In fact, the China factor has always been critical with regard to insurgencies in the Northeast. China began to aggressively support revolutionary movements across the world after the Communist takeover in 1949. Thereafter, it provided strong political, economic and logistical support to various insurgent groups in Northeast India in order to counter Western imperialism and Soviet revisionism in Asia. In return, most of these insurgent groups supported the “One China policy” with regard to Taiwan.

The Nagas were greatly inspired by the Chinese ideas of “Peoples’ War” and “protracted struggle”. In 1966, Muivah, then member of the NNC led a 130 strong Naga guerrilla force in a three month trek to Yunnan province in China mostly helped by the Kachins. He later on moved onto Beijing to get political training thus becoming the first Naga to visit China followed by Isak Chisi Swu and Moure Angami in 1968.

China’s help to the Mizos is also well documented subsequently followed by support to the United National Liberation Front of Manipur. However, Deng Xiaoping “good neighbour policy” had stopped Chinese aid to these insurgent groups except for the flow of illegal Chinese arms through the black market in Yunnan. Chinese support for Northeastern insurgencies appears to be revived.

There are two explicit reasons for this kind of implicit Chinese support to Northeastern insurgent leaders. First, it is a ‘bargaining chip' for China vis-à-vis the presence of the Dalai Lama in Dharamsala in India. The Dalai Lama and the Tibetan-government in exile is an eyesore for China given the continuous questioning of its legitimacy over Tibet.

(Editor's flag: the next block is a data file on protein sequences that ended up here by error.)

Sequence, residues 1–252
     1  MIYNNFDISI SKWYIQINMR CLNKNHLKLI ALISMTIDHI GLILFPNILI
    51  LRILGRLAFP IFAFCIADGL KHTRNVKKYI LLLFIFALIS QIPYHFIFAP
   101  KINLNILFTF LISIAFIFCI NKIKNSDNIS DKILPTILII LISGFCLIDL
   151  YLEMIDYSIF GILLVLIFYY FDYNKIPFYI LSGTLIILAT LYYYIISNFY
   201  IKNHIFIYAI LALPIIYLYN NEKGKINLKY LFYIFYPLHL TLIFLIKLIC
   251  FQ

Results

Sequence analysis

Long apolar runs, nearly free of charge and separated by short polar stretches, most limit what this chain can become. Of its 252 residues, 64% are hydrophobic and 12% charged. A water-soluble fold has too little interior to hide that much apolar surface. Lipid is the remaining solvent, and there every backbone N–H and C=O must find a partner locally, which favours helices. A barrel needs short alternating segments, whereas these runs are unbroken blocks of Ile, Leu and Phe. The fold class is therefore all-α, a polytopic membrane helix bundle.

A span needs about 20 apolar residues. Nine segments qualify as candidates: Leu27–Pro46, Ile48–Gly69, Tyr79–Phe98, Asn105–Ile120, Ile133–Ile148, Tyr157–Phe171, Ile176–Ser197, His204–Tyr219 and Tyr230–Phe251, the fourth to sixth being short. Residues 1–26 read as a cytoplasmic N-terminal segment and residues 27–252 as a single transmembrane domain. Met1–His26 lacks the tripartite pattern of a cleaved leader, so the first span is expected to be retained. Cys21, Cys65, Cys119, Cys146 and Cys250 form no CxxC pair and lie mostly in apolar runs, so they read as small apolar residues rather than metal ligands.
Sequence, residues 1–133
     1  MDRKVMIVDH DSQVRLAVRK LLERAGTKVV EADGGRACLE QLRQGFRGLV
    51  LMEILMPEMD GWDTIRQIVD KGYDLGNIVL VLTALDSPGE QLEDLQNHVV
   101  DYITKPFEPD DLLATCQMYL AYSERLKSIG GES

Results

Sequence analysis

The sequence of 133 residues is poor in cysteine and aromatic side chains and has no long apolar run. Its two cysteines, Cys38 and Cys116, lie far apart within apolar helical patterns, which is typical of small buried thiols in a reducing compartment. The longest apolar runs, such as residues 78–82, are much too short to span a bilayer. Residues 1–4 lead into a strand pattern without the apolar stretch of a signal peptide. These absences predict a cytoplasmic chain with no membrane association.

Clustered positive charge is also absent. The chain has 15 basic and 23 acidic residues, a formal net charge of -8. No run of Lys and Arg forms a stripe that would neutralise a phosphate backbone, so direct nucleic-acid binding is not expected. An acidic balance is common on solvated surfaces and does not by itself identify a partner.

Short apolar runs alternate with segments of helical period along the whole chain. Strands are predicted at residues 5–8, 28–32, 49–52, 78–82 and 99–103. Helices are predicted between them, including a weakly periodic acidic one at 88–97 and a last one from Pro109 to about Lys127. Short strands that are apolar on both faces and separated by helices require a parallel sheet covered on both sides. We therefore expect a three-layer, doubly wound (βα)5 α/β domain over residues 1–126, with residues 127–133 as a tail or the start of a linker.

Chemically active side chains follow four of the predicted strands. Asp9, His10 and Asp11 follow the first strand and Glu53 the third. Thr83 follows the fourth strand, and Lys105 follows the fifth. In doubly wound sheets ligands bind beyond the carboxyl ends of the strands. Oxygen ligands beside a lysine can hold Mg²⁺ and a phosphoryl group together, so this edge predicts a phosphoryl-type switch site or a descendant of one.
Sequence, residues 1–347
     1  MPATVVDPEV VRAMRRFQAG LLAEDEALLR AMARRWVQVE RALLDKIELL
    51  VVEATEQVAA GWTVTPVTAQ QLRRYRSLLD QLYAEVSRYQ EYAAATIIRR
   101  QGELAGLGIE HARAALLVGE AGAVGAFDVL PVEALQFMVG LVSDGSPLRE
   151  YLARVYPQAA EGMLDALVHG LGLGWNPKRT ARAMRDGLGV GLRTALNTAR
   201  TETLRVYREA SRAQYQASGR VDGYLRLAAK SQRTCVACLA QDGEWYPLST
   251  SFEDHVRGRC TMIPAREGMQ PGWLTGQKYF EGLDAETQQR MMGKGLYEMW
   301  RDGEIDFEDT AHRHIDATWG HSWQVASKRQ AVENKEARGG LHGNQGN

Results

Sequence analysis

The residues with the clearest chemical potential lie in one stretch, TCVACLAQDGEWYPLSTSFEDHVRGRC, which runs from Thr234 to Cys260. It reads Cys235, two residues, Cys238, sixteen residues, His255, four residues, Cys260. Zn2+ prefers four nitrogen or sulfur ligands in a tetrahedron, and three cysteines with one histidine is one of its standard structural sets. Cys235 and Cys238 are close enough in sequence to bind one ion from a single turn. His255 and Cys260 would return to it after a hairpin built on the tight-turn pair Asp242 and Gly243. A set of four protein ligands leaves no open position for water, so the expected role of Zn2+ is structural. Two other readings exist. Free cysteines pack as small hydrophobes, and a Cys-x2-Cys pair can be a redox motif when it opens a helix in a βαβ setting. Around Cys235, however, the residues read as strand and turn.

The recent developments with regard to China’s postponement of the 15th round of India-China border talks based on its concern that the Dalai Lama was speaking at a Buddhist Conference in New Delhi during the same period vindicates this aspect of Chinese insecurity over Tibet.

Second, given the West’s concern with China’s rise and India being seen by China as aligned with the West in this debate, harbouring Indian insurgent leaders like Barua provides China with a ‘poking stick’ to keep India in check, lest it forgets its own vulnerabilities. China is keenly aware about the strategic significance of Northeast India, given its 4, 500 km international border coupled with the fact that the region is home to nearly 72 ethnic insurgencies. This area also houses the disputed area of Arunachal Pradesh, which China claims as it territory.

Supporting insurgent leaders who have resorted to violence vis-à-vis the Dalai Lama is however a skewed strategy, to say the least. The official position of the Dalai Lama is that he does “not seek independence in Tibet, and wants China to give Tibetans ‘genuine autonomy’ in religious, cultural and educational spheres”. This position is contrary to what insurgent leaders like Paresh Barua espouse: violent means for secession of Assam from India. Hence, to maintain such support as a bargaining chip against the Dalai Lama could prove counter-productive for China in the long run.

Be that as it may, the lesson one can draw from armed factions in the Northeast is that a conflict which could have been resolved much earlier continues to drag on thereby coming in the way of development. It also creates a vicious environment of inter-factional killings.

This time around, with good visible policing and strengthened law enforcement mechanisms, a similar situation of ULFA violent factionalism must be averted so that Assam does not descend into violence again. This is a responsibility the state government owes to its people on an urgent basis.


Dr. Namrata Goswami is a Research Fellow at the Institute for Defence Studies and Analyses, New Delhi. The views expressed here are those of the author alone.


For in-depth, objective and more importantly balanced journalism, Click here to subscribe to Outlook Magazine
Next Story >>
Google + Linkedin Whatsapp

The Latest Issue

Outlook Videos